“London and the ordered formality of English life seemed to her after the wild maquis society of France more than strange, repellent even, a totally unintelligible confusion. She was bewildered, not merely by the ordinary rules of what is called civilised life, but also by the ambiguity of her personal relationships within that framework… the only escape from it she found in a real but fantastic world which she created for herself in the wrecked and flowering wastes around St Paul’s, which became her physical and spiritual home.”

Here’s an image from 2013.

Hemmed in 7

1947: England and a past and future beauty

Standard

In the last decade or so it seems people have realised the huge debt we owe Penguin and Puffin books. We can buy boxes filled with postcards of their immaculate book covers, while the iconic orange and white originals are available on tea towels, mugs and even deck chairs. And that’s just the look of it all: pick up any of the titles that turn up from the middle decades of the 20th century and you could disappear forever into second-hand bookshops, charity shops or attics, as lost a cause as any Victorian gentleman or woman consigned to the opium den or brothel.

Town and Village dates from around 1947, the paper fairly rough and uncoated, which makes the artwork appear as fresh as some lovingly-crafted linocut.

Village and Town, cover

There are two covers, so can you choose from a utopian future or an idyllic past.

Villages and Towns, Puffin

Inside, there are beautifully-designed diagrams, and this one provides a colour-coded map of the United Kingdom to show how local materials shaped the built landscape. Even more valuable now than then.

Village and Town, Puffin 2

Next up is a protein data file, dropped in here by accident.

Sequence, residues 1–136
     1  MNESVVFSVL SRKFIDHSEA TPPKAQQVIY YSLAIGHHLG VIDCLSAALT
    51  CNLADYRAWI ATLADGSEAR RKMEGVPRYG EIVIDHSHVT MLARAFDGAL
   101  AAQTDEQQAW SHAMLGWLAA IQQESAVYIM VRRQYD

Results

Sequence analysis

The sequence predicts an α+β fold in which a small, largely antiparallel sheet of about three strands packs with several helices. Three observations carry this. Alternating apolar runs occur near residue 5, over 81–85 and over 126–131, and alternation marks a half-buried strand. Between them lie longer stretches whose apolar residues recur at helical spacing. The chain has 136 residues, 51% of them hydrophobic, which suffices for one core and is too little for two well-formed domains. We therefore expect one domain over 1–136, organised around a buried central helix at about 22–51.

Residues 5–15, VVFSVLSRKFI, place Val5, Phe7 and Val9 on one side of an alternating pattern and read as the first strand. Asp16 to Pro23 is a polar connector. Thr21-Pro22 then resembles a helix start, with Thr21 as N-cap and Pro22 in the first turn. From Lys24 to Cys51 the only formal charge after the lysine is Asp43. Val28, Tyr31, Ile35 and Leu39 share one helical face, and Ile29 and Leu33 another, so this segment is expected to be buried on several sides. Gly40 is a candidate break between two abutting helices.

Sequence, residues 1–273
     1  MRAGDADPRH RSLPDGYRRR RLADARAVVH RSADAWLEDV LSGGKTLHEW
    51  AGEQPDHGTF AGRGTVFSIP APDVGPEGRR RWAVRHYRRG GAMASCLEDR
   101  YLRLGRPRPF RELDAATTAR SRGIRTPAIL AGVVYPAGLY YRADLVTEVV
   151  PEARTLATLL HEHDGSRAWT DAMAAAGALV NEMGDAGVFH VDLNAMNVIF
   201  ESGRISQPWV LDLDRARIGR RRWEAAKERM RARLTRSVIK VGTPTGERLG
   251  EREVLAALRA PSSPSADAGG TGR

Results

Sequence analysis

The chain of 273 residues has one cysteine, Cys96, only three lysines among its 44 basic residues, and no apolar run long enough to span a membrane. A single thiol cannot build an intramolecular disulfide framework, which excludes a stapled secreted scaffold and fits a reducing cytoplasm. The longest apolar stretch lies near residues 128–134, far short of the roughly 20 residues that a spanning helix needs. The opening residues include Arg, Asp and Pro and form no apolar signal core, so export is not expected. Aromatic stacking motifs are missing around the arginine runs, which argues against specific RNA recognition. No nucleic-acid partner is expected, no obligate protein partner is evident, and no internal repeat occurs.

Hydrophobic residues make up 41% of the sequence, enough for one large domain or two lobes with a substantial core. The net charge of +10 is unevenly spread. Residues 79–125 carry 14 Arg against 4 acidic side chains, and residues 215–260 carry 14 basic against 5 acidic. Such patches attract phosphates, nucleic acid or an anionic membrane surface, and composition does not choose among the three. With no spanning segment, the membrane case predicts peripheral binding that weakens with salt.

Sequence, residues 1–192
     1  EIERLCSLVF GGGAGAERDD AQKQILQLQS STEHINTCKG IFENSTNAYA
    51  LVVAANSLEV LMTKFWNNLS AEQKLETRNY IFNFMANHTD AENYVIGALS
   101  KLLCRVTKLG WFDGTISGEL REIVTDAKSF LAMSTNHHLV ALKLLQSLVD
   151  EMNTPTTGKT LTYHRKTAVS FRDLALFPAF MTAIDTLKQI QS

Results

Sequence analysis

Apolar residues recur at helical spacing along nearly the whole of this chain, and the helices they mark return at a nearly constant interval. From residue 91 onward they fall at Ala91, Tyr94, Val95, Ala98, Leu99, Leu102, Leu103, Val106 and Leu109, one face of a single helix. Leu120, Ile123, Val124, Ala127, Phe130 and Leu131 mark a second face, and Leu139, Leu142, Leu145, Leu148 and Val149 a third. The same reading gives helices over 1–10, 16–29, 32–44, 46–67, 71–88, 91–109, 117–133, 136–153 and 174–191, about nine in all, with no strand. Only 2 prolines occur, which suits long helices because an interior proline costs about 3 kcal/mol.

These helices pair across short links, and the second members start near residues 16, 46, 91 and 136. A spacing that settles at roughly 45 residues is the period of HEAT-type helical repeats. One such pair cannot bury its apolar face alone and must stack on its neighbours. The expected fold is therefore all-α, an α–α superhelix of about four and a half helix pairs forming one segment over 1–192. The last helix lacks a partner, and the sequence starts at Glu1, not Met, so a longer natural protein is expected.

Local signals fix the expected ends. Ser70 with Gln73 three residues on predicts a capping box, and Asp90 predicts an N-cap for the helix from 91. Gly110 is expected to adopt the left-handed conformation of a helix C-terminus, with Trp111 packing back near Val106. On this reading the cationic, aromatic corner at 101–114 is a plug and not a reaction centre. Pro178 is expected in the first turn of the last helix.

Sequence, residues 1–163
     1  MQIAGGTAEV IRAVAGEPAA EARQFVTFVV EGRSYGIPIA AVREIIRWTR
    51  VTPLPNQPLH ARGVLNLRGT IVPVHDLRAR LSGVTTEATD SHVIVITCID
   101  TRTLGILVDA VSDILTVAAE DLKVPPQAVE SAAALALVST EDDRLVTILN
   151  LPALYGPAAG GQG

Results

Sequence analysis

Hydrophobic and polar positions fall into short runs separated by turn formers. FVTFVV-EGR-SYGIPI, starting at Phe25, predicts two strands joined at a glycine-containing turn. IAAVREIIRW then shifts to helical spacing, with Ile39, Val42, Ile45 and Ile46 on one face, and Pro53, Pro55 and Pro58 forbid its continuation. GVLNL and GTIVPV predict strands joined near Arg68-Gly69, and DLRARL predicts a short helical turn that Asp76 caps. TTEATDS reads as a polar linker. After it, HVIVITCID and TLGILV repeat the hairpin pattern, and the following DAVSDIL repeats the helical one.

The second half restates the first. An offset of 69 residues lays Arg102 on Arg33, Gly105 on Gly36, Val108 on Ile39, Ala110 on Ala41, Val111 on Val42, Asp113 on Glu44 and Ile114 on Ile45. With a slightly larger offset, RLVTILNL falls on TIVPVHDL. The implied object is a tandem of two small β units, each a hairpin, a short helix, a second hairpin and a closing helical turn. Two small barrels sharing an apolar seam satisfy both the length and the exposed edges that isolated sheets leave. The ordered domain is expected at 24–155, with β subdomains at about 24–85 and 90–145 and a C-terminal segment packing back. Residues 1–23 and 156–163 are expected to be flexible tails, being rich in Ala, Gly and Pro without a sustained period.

There are images of the idealised English village, carefully illustrating how the past builds layer upon layer and lives side by side.

Village and Town, Puffin 3

But this is no misty-eyed wallow in the ‘scepter’d isle’ imagery of the war years. This is also about the future, one that accounts for everyone and gives them light, air and space. Turn the page and the ugly truths are revealed.

Village and Town, Puffin 4

There is no beating around the bush here, as S R Badmin continues…

Village and Town, Puffin 5

He’s in full flow now – you can’t get more damning than ‘fancy dress houses’. And I can’t help wondering how many of the slums or industrial buildings are now the facades of ‘luxury apartments’ for the affluent of today.

Moving on to the brave new world, our author is more than comfortable with the shock of the new. But it’s a careful argument, taking the reader by the hand from the past into the future (which, marvellously, he tells us will involve ‘plastics such as Bakelite’). He wants everyone to move beyond the Tudorbethan, mock-Tudor sentiment of the pre-war years. (It’s often overlooked how little impact the stylised art-deco movement had on everyday homes: many preferred barley-twist oak, stained glass and olde-worlde brass.)

Village and Town, Puffin 6

Be sure that if a building is well-designed for its purpose, without trying to be new-fashioned or old-fashioned, it will fit into its surroundings just as all the buildings do in the villages we love.

Perhaps not a bad design for life, that one, with endless applications… as long as he doesn’t mean a bland compromise, which I don’t think he does. Although his definition of the English style of building as ‘solid, suitable and not fussy in appearance’ sounds a little joyless.

The last page is given over to the S R Badmin manifesto, which I imagine involved clambering atop the table, waving spectacles and going all-out for a full-on Robert Hardy thespian workout:

We could keep the country as real country, for farming and holidays, instead of eating it up with bungalows. We could do all that and more if we made plans in advance, instead of muddling along as we do now, allowing people to build more or less what or where they fancy, whether it is ugly or not. Is it possible for planning to be carried out when so many people own so many pieces of land?

Village and Town, Puffin 7

As a child, I imagine you might return this to the library believing that the war had changed everything, and feel, as the National Health Service began, the first warm rays of utopia.

Until you realise the unpredictability of the British weather.